Q: What is your best driving memory?

A: One of my most recent fun memories was when I drove the McLaren back from Chicago with a friend. We went through the Aleghenny mountain range, across lots of farmland and down the occasional dirt road. People would crowd round us like it was a spaceship. I convinced this same friend to drive my 50th Anniversary Porsche 911 back from Ohio as well. These adventures are my favorite part of the hobby.

Q: Is there a dream car you’d like to add to your collection?

A: If money was no object, it would have to be a McLaren F1. On a more practical level I’m looking for a Porsche 911 S 1965 to 1967 in Irish green – I just love that color. Early 911s are such wonderful cars to drive and live with.

Q: What do you enjoy most about being the head judge at the Americana Manhasset Concours?

Ferrari Dino
Welcoming a stunning Dino to CarPark in Brooklyn

A: There are two elements that keep me coming back. What I really love is to walk from car to car and speak to the owners and get the stories behind their vehicles. Classic car owners are some of the nicest people you can meet, and they love sharing intimate details about the history of their cars, even with people they’ve only just met. I also just love being in the judging room at the start of the day and getting to set the tone and conversation with my judges for each of the classes. And of course the concours is a great event, there’s something for everybody.

Q: Which of the cars that you’ve judged really stand out?

A: I would say it’s some of the owners rather than specific cars that have stood out to me. Two of them in particular: Glenn Simon and his Ferraris and Phil Schwartz and his Corvettes. Glenn is somebody who is dedicated to doing things perfectly, but simultaneously seems to be able to stay so laid back. Phil has a great attitude and his cars are some of the very rarest and best examples.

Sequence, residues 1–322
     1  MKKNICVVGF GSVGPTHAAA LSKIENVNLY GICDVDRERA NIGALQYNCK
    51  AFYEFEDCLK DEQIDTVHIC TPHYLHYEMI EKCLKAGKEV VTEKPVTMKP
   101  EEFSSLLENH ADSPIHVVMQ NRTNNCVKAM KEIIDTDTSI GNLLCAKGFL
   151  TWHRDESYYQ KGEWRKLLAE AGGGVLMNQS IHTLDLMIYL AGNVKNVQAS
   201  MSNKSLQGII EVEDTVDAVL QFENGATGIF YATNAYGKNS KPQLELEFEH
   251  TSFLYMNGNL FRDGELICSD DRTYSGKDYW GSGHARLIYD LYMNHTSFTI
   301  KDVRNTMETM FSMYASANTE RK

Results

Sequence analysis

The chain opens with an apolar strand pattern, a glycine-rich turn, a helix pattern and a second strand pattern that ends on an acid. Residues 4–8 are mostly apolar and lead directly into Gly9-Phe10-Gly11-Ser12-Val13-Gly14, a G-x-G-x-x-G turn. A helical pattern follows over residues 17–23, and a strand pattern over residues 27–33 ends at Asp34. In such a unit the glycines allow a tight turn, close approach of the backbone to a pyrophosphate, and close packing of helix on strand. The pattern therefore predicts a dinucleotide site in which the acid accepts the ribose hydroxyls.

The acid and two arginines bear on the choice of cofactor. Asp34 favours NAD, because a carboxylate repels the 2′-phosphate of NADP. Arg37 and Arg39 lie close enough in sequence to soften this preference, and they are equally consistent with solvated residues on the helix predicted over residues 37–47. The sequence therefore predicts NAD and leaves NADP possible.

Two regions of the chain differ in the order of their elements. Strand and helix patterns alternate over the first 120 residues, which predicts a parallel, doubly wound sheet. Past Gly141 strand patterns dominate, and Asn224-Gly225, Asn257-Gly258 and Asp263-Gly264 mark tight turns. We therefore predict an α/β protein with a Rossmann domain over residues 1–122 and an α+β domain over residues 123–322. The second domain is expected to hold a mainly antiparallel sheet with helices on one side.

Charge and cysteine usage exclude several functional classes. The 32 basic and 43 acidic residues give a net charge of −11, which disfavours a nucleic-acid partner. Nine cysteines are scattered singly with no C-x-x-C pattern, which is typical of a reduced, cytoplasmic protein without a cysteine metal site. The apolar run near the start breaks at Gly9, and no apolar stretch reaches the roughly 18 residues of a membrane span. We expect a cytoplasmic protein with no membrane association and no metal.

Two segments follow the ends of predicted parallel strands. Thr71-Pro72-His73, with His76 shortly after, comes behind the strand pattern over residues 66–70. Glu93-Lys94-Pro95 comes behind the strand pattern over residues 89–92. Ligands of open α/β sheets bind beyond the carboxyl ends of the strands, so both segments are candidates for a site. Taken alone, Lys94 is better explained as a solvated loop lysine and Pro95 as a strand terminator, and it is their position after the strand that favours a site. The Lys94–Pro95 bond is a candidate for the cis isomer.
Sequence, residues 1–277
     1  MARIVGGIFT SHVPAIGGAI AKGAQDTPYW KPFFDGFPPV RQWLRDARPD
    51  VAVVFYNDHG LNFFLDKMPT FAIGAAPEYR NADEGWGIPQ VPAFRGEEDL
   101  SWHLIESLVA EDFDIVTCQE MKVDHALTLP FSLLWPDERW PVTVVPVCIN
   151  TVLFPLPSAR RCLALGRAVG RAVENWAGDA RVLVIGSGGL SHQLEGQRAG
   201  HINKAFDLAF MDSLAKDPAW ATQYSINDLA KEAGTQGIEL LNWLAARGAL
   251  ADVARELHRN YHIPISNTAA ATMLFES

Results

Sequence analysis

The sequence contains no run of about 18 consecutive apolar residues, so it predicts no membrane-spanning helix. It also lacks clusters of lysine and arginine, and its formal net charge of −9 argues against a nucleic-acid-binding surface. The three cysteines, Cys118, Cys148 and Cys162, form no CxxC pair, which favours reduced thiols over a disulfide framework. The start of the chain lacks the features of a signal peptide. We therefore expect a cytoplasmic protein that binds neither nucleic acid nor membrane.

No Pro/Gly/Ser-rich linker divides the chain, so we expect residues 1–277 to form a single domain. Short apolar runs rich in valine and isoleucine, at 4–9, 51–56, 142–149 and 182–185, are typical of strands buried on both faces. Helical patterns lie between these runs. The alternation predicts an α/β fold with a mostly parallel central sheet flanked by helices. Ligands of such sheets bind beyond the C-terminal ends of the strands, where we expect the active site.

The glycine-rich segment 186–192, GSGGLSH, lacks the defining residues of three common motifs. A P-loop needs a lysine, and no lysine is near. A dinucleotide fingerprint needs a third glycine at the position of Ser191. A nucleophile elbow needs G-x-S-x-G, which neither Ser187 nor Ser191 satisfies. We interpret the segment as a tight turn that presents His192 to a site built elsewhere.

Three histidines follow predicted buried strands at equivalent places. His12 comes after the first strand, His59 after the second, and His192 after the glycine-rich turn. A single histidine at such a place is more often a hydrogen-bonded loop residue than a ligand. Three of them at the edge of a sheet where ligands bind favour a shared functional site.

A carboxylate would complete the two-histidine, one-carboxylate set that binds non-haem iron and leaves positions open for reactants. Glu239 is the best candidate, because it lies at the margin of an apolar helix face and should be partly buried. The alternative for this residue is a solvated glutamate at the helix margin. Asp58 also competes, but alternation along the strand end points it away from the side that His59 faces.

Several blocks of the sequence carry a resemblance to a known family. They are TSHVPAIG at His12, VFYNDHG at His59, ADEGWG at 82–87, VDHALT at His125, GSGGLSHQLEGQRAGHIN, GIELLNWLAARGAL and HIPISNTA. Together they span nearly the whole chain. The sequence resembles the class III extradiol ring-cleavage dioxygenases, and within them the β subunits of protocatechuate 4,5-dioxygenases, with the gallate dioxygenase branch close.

Q: Apart from Americana Manhasset are you involved with any other classic car events?

A: Yes, I run two events which are very different. The Bridge is an invitation-only, non-judged show held at the former Bridgehampton Race Circuit. I started it four years ago with two partners and it’s absolutely blown up. To begin with we had 60 cars, but this year there were over 260. Owners fly them in from all over the world and I have thousands of people phoning up asking if they can take part. I’d say it’s now one of the premier automotive events in the US. I also co-founded CarPark, which is NYC’s curated cars & coffee. It happens three to four times a year and is very laid back, there could be 1,000 people and 200 cars of all shapes and sizes.

Q: By profession you’re a lawyer who’s worked on some pretty high profile cases; which is more stressful, standing up in court or choosing a concours winner?

A: [Laughs] Well, actually, I don’t find either of them particularly stressful. Both are labors of love. When you’re judging cars it can be a bit political, but you just have to put that to one side.